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Performance Management Guide

Reporting a Performance Problem

You should report operating system performance problems to IBM support. Use your normal software problem-reporting channel. If you are not familiar with the correct problem-reporting channel for your organization, check with your IBM representative.

What is a Performance Problem?

Support personnel need to determine when a reported problem is a functional problem or a performance problem. When an application, a hardware system, or a network is not behaving correctly, this is referred to as a functional problem. For example, an application or a system with a memory leak has a functional problem.

Sometimes functional problems lead to performance problems; for example, when the functions are being achieved, but the speed of the functions are slow. In these cases, rather than tune the system, it is more important to determine the root cause of the problem and fix it. Another example would be when communication is slowed because of networks or name servers that are down.

Performance Problem Description

Support personnel often receive problem reports stating that someone has a performance problem on the system and providing some data analysis. This information is insufficient to accurately determine the nature of a performance problem. The data might indicate 100 percent CPU utilization and a high run queue, but that may have nothing to do with the cause of the performance problem.

For example, a system might have users logged in from remote terminals over a network that goes over several routers. The users report that the system is slow. Data might indicate that the CPU is very heavily utilized. But the real problem could be that the characters get displayed after long delays on their terminals due to packets getting lost on the network (which could be caused by failing routers or overloaded networks). This situation might have nothing to do with the CPU utilization on the machine. If on the other hand, the complaint was that a batch job on the system was taking a long time to run, then CPU utilization or I/O bandwidth might be related.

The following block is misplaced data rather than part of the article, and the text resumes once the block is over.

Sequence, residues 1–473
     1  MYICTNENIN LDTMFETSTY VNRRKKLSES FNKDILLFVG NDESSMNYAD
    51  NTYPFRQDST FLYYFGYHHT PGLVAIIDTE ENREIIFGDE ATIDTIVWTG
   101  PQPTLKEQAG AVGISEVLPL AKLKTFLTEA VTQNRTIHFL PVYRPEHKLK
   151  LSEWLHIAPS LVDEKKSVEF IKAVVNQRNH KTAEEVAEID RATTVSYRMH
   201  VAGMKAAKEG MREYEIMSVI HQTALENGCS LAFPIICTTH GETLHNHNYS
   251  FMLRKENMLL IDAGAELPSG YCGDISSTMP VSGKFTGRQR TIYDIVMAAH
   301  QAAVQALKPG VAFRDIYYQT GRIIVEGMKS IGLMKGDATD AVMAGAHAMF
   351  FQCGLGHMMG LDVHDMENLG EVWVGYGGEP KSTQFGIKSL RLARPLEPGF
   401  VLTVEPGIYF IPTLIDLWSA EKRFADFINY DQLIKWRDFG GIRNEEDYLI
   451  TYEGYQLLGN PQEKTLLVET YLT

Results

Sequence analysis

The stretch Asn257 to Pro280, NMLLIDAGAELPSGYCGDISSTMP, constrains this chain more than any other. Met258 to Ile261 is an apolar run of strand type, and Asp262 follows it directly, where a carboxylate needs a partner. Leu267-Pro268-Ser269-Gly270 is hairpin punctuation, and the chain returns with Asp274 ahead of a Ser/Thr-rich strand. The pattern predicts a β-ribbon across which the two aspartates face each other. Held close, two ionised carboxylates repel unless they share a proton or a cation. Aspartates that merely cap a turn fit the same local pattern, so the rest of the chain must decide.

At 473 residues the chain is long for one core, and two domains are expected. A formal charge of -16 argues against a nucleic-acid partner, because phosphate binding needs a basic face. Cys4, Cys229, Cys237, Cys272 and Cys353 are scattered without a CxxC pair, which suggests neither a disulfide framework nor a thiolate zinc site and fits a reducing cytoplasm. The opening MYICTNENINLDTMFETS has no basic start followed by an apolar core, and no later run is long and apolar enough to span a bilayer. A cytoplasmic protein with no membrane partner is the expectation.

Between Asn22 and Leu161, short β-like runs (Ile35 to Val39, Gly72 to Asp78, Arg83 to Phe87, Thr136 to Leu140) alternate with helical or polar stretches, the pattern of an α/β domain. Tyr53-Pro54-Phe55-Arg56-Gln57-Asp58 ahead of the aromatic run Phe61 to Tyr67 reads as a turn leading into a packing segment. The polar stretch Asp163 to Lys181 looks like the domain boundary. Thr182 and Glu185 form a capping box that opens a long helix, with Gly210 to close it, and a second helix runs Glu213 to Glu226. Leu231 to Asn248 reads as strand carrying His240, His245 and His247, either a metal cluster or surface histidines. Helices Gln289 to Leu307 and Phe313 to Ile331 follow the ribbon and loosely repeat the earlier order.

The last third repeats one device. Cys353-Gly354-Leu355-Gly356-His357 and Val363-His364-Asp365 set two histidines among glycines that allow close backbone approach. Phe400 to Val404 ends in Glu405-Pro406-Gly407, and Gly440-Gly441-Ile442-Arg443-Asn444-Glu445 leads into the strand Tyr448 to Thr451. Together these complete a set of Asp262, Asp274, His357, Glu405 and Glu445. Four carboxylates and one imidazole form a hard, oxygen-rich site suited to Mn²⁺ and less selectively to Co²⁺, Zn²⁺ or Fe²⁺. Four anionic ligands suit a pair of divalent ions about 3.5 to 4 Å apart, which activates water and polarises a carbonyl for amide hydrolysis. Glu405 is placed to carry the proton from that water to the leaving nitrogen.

Always obtain as much detail as possible before you attempt to collect or analyze data, by asking the following questions regarding the performance problem:

Reporting the Problem

When someone reports a performance problem, it is not enough just to gather data and then analyze it. Without knowing the nature of the performance problem, you might waste a lot of time analyzing data which may have nothing to do with the problem being reported.

Before you involve support personnel to report a problem, prepare in advance the information that you will be asked to supply to facilitate the problem to be investigated. Your local support personnel will attempt to quickly solve your performance problem directly with you.

Three further ways you can help to get the problem resolved faster are:

  1. Provide a clear written statement of a simple specific instance of problem, but be sure to separate the symptoms and facts from the theories, ideas and your own conclusions. PMRs that report "the system is slow" require extensive investigation to determine what you mean by slow, how it is measured, and what is acceptable performance.
  2. Provide information about everything that has changed on the system in the weeks before the problem. Missing something that changed can block a possible investigation path and will only delay finding a resolution. If all the facts are available, the performance team can quickly eliminate the unrelated ones.
  3. Use the correct machine to supply information. In very large sites it is easy to accidentally collect the data on the wrong machine. This makes it very hard to investigate the problem.

When you report the problem, supply the following basic information:

If this is the first report of the problem, you will receive a PMR number for use in identifying any additional data you supply and for future reference.

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